freshly ground black pepper, to taste

1. Preheat oven to 350 degrees F.
2. In a saute pan, heat one tablespoon of water or vegetable broth.
3. Add onion and garlic and saute for 5 minutes.
4. Add mushrooms, cover and cook until mushrooms are tender.
5. Add celery, parsley and poultry seasoning.
6. Saute another 5 minutes, adding more water if needed to prevent sticking.
7. Place the sauteed vegetables in a bowl and add the lentils, mashed artichokes, pecans, rolled oats, tomato paste, arrowroot powder, MatoZest and black pepper.
8. Stir well to combine.
9. Lightly rub a loaf pan with minimal amount of oil.
10. Fill the loaf pan with lentil mixture and press down evenly.
11. Spread a 1/8 inch layer of reserved tomato paste over top.
12. Bake for 1 hour.
13. Remove from oven and let stand at room temperature for 30 minutes before slicing and serving.

Cranberry Apple Chutney
adapted from a recipe in Clean Food by Terry Walter's
This is so good, you'll want to eat it throughout the year, not just on Thanksgiving. If you like to have this kind of stuff around after Thanksgiving, you can double batch it and freeze it in smaller containers, because it freezes well. It also makes a lovely holiday gift.

Makes 7 cups

2 cups fresh cranberries
1/2 cup raisins
1/3 cup date sugar (or other "alternative sugar like succanat, coconut sugar)
1/3 cup maple syrup
1 tablespoon ground cinnamon
2 teaspoons grated fresh ginger
¼ teaspoon ground cloves
1 cup water
1 small onion, chopped
3 medium apples, cored and chopped
4 stalks celery, chopped
1 teaspoon grated lemon peel

Combine cranberries, raisins, date sugar, maple syrup, cinnamon, ginger, cloves and water in Dutch oven. Place over medium heat and cook 15 minutes. Stir in onion, apples and celery and cook 15 minutes more. Remove from heat, fold in lemon peel, and serve.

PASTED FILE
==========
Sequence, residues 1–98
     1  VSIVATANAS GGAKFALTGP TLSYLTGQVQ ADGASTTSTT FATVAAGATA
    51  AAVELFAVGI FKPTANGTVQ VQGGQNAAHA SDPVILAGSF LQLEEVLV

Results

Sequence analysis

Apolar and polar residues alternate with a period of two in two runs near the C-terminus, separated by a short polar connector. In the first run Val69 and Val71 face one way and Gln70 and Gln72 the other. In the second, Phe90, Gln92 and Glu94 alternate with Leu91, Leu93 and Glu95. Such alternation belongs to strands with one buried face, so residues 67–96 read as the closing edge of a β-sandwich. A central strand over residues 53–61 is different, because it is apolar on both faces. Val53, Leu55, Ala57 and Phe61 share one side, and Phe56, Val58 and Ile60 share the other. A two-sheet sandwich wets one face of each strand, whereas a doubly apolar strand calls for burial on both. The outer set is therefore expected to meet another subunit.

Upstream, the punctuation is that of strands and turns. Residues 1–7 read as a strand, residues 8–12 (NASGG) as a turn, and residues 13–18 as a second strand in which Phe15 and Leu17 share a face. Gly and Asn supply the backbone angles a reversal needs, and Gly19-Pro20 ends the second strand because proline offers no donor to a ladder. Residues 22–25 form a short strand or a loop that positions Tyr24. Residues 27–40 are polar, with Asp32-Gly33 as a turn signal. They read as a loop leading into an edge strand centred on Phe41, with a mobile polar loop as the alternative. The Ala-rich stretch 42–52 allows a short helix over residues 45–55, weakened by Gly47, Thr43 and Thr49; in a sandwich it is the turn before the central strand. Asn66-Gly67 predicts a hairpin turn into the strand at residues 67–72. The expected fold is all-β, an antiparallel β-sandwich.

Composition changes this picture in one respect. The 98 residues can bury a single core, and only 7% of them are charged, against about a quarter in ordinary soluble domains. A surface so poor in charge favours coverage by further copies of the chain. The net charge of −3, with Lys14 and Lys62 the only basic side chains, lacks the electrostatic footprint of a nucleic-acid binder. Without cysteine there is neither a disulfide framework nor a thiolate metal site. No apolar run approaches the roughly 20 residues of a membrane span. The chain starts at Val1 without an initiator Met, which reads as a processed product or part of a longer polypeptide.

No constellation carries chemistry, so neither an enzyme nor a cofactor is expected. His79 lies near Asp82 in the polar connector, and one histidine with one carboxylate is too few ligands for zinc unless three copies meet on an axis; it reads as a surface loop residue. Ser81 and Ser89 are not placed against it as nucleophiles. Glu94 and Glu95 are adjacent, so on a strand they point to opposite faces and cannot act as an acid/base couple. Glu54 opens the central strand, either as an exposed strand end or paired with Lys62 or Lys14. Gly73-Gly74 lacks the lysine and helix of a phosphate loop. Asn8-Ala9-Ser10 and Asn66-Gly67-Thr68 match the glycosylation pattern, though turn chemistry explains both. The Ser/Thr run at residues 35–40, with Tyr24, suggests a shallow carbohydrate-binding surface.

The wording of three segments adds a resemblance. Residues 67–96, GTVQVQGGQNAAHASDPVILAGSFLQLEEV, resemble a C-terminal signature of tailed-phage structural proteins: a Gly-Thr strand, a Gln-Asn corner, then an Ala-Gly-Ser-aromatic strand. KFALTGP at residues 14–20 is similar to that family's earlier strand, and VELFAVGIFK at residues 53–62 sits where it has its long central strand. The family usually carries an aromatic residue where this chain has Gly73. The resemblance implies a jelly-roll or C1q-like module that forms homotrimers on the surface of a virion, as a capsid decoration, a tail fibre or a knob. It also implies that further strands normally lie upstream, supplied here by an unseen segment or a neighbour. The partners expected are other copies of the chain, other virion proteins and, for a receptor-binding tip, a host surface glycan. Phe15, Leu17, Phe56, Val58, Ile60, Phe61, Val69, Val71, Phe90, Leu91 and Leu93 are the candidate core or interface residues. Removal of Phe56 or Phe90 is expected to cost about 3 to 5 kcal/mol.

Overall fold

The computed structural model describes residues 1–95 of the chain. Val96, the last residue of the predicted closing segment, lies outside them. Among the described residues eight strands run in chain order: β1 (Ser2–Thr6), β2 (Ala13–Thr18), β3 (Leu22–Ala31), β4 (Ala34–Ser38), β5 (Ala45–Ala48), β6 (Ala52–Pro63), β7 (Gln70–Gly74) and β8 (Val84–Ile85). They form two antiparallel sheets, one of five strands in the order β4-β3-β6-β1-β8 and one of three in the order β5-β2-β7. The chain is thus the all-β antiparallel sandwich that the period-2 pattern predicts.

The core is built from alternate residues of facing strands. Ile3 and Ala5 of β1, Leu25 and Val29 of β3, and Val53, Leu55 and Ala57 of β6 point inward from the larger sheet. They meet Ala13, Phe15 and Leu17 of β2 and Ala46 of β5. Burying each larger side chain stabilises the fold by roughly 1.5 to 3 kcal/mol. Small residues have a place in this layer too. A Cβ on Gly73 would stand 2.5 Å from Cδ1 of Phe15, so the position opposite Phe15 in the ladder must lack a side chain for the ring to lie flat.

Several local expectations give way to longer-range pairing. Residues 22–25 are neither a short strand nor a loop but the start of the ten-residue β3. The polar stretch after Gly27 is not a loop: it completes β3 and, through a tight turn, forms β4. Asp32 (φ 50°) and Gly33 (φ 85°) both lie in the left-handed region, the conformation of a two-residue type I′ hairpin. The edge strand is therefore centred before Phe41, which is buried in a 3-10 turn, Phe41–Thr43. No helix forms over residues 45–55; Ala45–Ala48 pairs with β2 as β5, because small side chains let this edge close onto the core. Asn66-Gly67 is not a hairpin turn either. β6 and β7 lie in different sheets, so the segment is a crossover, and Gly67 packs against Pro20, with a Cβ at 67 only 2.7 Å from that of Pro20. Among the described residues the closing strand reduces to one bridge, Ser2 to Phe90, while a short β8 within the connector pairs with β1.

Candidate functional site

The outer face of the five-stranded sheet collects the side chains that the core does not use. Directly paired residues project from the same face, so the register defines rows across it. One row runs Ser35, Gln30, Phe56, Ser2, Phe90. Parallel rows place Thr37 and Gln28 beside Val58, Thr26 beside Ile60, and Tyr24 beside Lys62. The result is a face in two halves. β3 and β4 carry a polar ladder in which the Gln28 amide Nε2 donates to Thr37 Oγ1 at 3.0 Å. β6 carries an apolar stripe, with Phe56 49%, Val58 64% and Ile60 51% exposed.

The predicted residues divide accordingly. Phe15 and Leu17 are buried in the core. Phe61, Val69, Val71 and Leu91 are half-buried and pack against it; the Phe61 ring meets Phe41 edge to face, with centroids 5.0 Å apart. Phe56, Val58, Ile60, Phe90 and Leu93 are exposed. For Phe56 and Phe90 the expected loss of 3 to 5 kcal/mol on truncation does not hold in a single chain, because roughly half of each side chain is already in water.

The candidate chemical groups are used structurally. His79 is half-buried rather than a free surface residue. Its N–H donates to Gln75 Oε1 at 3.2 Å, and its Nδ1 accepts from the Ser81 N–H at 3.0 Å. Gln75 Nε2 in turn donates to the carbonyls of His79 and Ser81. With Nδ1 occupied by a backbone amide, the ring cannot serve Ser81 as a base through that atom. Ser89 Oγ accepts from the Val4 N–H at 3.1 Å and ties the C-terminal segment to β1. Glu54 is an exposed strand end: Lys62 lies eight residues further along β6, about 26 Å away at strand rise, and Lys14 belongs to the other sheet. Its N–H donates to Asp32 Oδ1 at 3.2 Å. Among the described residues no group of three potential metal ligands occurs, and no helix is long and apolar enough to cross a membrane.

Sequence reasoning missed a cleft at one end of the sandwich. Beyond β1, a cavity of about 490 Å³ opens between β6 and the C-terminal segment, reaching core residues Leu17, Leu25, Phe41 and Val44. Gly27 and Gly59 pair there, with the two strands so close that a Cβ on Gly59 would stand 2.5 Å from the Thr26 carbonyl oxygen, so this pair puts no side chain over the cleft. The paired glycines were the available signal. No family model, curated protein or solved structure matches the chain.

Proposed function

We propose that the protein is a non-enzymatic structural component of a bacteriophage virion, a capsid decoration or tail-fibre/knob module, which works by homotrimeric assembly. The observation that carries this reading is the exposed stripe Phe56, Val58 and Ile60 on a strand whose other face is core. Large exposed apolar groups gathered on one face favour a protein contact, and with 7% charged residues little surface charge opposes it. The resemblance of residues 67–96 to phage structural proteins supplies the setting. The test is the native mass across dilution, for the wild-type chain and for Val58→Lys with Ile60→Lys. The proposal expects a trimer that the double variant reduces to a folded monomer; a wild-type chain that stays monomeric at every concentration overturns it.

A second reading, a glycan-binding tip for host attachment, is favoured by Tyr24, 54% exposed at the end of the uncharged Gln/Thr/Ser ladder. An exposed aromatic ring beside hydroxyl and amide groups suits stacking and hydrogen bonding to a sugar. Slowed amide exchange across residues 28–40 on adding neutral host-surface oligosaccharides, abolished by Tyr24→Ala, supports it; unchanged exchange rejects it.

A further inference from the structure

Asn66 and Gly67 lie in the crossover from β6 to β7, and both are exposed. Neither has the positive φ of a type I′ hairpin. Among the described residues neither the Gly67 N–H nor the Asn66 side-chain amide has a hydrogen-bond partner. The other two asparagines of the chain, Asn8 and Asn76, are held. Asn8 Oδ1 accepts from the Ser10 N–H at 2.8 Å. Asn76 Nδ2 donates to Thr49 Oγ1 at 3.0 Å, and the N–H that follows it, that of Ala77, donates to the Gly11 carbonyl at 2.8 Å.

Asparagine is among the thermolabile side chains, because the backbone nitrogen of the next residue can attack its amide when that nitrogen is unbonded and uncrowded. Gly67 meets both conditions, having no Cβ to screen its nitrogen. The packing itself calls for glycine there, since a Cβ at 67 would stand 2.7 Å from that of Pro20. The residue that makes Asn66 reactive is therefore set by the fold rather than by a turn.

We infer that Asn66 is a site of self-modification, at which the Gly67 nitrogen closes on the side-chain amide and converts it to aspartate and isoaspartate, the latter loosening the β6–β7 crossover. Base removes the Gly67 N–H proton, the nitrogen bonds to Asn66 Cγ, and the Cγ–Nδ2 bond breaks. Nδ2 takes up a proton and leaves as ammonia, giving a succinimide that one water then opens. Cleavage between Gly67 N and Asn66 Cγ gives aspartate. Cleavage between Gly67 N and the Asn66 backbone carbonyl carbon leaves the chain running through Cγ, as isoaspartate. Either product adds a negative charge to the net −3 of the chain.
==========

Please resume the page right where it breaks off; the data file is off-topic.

Chutney can be made in advance and stored in an airtight container in the freezer.

Susan Voisen's Fat Free Vegan Green Bean Casserole
I made this for two years in a row we absolutely love it each time! Here are my notes from the recipe: "The recipe is perfect as is but you can make 1 1/2 times as much and it will still fit into a 9x13" casserole (and it's that good, so you will want to make this much), but keep the topping quantity as is."

Stuffing
I'm not making the stuffing, but I do love me some stuffing! Here are some recipes that I would look to if I were making it. Maybe it will make it into my rotation for next year's event.

Gena from Choosing Raw's Crowd Pleasing Vegan Thanksgiving Stuffing
Susan from Fat Free Vegan's Southern-Style Cornbread Dressing



Healthy Girl's Date-Kissed Pumpkin Pie with Cashew Cream
I make pumpkin pies all year round. This version is the best that I have come up with so far, meaning it's got the least offensive quantity of refined sugar in it of all of the pies that I have made. Now, the crust that I buy is simply used out of convenience. I get them at Whole Foods and they are Vegan and have some whole grains in them, but they are not particularly healthy in any way. They are a treat, which I am fine with on special occasions, especially like Thanksgiving.

Tell us about your Thanksgiving plans for this year. What will you be making?